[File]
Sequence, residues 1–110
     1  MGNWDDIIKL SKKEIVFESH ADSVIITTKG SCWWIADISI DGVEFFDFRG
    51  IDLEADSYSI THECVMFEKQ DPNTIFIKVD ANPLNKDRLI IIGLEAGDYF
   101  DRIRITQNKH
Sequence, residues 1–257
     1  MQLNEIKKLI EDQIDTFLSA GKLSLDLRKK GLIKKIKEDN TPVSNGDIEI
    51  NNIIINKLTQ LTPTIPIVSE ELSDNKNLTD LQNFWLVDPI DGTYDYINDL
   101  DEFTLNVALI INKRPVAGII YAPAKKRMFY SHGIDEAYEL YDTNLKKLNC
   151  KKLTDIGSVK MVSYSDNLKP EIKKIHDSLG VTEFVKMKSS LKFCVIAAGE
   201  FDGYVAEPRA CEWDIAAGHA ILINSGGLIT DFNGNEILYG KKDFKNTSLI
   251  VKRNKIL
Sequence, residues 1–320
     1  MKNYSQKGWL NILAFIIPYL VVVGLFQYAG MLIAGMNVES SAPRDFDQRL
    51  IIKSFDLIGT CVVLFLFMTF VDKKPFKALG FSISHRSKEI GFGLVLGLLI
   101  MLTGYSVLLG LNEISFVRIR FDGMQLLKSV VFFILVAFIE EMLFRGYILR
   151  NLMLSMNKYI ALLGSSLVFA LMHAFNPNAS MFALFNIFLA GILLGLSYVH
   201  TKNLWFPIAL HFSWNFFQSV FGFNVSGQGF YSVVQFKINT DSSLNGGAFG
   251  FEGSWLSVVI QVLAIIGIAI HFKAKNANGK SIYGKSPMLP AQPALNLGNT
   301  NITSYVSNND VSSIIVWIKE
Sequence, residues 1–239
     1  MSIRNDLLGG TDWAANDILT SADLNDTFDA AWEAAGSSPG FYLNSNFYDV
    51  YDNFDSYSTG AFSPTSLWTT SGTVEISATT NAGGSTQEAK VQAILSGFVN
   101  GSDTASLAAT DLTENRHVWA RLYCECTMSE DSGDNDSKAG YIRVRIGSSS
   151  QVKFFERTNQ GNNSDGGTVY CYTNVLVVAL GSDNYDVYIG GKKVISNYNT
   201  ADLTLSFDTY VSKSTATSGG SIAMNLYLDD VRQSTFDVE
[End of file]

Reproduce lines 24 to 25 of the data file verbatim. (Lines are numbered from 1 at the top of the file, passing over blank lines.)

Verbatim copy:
   151  QVKFFERTNQ GNNSDGGTVY CYTNVLVVAL GSDNYDVYIG GKKVISNYNT
   201  ADLTLSFDTY VSKSTATSGG SIAMNLYLDD VRQSTFDVE